Suddenly I realized that there was a flaw in my shower/pray plan. I was confining progress to a particular timeline: first requiring a hot shower to relax me, then expecting my prayers to take some time, and situating myself in bed so I could rest more, too. And hoping these steps would enable me to shake this headache.

I thought, “Why not accept God as supreme right now?” God’s harmony is here right now, not dependent on a particular timetable. We have divine authority to accept and prove that spiritual reality in this and every moment. The reset button is now.

And that’s what I did. I felt God’s presence so clearly and got up from the bed. By the time I walked across the room, all the pain was gone.

It is not necessarily easy to pause and pray when we’re in pain or afraid, and it may take persistence in prayer to reach the healing or solutions we need. But it is so encouraging to know that the possibility for a fresh view of God’s harmony expressed throughout creation is here now.

Science and Health encourages: “Become conscious for a single moment that Life and intelligence are purely spiritual, – neither in nor of matter, – and the body will then utter no complaints. If suffering from a belief in sickness, you will find yourself suddenly well” (p. 14). The opportunity to realize and feel our present unity with God, good, is available to us all not just on Day One, but at every moment!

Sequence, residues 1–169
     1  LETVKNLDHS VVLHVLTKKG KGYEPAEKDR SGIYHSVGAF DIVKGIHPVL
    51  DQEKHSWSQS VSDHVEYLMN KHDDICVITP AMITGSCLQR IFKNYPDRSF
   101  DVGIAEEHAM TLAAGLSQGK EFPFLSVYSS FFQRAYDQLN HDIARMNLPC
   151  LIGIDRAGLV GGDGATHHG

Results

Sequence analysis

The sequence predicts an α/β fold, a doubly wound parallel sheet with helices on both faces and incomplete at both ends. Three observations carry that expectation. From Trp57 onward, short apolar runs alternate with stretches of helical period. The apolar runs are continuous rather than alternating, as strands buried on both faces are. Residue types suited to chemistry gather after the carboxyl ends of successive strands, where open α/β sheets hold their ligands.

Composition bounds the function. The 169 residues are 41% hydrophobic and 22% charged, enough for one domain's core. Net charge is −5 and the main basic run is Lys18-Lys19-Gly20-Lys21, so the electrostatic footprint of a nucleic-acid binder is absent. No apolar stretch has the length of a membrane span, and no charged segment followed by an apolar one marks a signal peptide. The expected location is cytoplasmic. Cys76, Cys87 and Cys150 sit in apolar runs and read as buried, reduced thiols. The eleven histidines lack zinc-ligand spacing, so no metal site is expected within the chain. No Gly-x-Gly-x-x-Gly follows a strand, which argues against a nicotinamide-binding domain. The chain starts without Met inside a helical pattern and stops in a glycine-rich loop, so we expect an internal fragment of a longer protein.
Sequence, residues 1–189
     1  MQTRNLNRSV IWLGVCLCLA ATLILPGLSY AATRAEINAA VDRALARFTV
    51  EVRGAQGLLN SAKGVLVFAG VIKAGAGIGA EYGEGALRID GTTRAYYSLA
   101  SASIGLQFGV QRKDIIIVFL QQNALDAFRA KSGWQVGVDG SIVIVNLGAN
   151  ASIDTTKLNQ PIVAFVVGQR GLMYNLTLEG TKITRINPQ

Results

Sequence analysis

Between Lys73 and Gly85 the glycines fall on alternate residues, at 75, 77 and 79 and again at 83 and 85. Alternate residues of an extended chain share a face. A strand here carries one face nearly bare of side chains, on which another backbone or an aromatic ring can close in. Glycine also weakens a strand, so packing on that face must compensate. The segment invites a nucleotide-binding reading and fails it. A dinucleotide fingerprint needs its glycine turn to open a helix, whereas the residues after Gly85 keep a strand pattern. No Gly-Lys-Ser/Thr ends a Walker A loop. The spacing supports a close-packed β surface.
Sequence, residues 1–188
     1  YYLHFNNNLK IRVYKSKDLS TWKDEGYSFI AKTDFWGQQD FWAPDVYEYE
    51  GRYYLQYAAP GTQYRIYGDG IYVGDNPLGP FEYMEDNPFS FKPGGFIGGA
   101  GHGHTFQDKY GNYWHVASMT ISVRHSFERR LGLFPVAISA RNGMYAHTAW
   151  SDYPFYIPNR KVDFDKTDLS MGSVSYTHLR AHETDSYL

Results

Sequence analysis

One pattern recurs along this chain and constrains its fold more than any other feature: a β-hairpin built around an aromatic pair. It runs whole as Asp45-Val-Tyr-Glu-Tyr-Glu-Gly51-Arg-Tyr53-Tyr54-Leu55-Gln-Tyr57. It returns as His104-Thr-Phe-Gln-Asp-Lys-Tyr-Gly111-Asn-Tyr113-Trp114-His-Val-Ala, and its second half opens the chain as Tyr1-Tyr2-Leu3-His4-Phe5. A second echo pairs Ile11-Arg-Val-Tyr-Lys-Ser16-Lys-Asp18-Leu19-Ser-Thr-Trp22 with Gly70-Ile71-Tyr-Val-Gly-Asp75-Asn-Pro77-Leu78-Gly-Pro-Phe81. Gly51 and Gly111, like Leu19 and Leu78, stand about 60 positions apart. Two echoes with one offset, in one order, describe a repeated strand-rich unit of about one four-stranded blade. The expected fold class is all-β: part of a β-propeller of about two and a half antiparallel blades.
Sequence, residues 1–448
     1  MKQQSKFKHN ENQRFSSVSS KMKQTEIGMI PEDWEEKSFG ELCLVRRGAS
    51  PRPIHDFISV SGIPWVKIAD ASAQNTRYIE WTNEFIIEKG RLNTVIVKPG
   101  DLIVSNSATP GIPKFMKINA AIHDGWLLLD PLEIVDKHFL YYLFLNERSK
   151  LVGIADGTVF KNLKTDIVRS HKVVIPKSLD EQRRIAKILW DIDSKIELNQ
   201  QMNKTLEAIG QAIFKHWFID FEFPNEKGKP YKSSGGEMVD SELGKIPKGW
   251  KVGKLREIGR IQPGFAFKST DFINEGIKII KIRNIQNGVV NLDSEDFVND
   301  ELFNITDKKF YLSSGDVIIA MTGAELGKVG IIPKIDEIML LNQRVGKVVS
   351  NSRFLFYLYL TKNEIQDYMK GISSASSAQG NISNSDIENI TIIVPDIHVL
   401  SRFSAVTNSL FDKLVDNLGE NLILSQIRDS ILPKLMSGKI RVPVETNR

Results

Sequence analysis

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Dear Reader,

About a year ago, I happened upon this statement about the Monitor in the Harvard Business Review – under the charming heading of “do things that don’t interest you”:

“Many things that end up” being meaningful, writes social scientist Joseph Grenny, “have come from conference workshops, articles, or online videos that began as a chore and ended with an insight. My work in Kenya, for example, was heavily influenced by a Christian Science Monitor article I had forced myself to read 10 years earlier. Sometimes, we call things ‘boring’ simply because they lie outside the box we are currently in.”

If you were to come up with a punchline to a joke about the Monitor, that would probably be it. We’re seen as being global, fair, insightful, and perhaps a bit too earnest. We’re the bran muffin of journalism.

But you know what? We change lives. And I’m going to argue that we change lives precisely because we force open that too-small box that most human beings think they live in.

The Monitor is a peculiar little publication that’s hard for the world to figure out. We’re run by a church, but we’re not only for church members and we’re not about converting people. We’re known as being fair even as the world becomes as polarized as at any time since the newspaper’s founding in 1908.

We have a mission beyond circulation, we want to bridge divides. We’re about kicking down the door of thought everywhere and saying, “You are bigger and more capable than you realize. And we can prove it.”

If you’re looking for bran muffin journalism, you can subscribe to the Monitor for $15. You’ll get the Monitor Weekly magazine, the Monitor Daily email, and unlimited access to CSMonitor.com.